Trucking Company Terminated Female Driver Because She Complained About Pay Discrimination, Federal Agency Charges
BALTIMORE - Hagerstown, Md.-based commercial trucking company Winebrenner Transfer, Inc., unlawfully fired a female driver because she complained about pay discrimination, the U.S. Equal Employment Opportunity Commission (EEOC) charged in a lawsuit it announced today.
According to the EEOC's suit, Tina Thompson worked as a truck driver for Winebrenner for one year with satisfactory job performance. After discussions with male co-workers, Thompson believed she was paid less than male drivers even though she was doing equal work, according to the lawsuit. When Thompson complained twice to the owner about the perceived pay discrimination, each time he replied that he would pay her what he wanted. The owner retaliated against Thompson by firing her one day after she sent him a text message saying she believed she was paid less than male co-workers for the same work, the EEOC charges.
The day after terminating Thompson, the owner suggested she should just quit to avoid "looking bad" to future employers. When Thompson refused, Winebrenner further retaliated against her by giving negative references to her prospective employers, including telling at least one potential employer that she was "uncooperative," the EEOC said in its lawsuit.
Such alleged conduct violates the Equal Pay Act of 1963 (EPA) and Title VII of the Civil Rights Act of 1964. The EEOC filed suit (EEOC v. Winebrenner Transfer, Inc., Civil Action No. 1:13-cv-02797-GLR) in U.S. District Court for the District of Maryland, Baltimore Division after first attempting to reach a pre-litigation settlement through its conciliation process. The EEOC is seeking injunctive relief prohibiting Winebrenner from engaging in unlawful retaliation, equitable relief that provides equal employment opportunities for women, as well as lost wages, compensatory and punitive damages and other affirmative relief for Thompson.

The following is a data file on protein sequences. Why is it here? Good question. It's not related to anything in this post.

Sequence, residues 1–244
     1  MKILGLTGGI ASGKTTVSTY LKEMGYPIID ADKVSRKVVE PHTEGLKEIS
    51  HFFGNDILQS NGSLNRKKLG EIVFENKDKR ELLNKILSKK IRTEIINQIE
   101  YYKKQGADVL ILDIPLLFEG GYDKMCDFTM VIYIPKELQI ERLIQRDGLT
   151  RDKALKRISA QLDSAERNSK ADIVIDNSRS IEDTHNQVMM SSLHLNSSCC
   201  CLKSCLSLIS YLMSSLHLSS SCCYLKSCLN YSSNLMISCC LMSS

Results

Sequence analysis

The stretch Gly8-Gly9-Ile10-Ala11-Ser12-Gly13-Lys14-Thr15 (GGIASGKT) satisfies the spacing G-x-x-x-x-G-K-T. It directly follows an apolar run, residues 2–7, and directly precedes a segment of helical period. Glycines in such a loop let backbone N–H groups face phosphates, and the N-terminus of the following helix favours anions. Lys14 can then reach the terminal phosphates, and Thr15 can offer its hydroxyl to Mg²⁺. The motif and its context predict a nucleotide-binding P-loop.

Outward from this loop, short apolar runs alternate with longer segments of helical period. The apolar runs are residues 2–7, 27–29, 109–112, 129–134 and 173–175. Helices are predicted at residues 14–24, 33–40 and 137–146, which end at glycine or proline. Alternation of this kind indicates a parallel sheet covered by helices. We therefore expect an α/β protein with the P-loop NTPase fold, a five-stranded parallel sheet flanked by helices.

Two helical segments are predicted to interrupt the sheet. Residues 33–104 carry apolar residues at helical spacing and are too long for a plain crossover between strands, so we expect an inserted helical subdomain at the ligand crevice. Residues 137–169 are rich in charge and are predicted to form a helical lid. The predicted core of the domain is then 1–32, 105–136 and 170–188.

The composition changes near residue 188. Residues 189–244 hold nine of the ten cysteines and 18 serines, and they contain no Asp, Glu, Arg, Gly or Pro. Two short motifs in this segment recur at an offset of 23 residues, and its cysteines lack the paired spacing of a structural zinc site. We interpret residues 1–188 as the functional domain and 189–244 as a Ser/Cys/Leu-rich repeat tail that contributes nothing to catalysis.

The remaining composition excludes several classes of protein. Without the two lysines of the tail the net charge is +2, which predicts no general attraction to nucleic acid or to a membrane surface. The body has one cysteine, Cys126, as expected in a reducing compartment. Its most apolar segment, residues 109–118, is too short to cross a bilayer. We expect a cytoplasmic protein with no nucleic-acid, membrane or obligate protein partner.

"Employees have the right to ask their boss about sex-based pay discrimination issues," said EEOC Philadelphia Regional Attorney Debra M. Lawrence. "It is illegal for a company first to fire an employee and then to attempt to prevent her from earning a living elsewhere simply because she complained that she thought she was paid less based on her gender."
EEOC Philadelphia District Director Spencer H. Lewis, Jr. added, "The EEOC takes retaliation allegations very seriously. The EEOC cannot enforce its mission if employees fear they will be fired for asking about discrimination in the workplace."
The Philadelphia District Office of the EEOC oversees Pennsylvania, Maryland, Delaware, West Virginia and parts of New Jersey and Ohio.
The EEOC enforces federal laws prohibiting employment discrimination. Further information about the Commission is available at its website, www.eeoc.gov.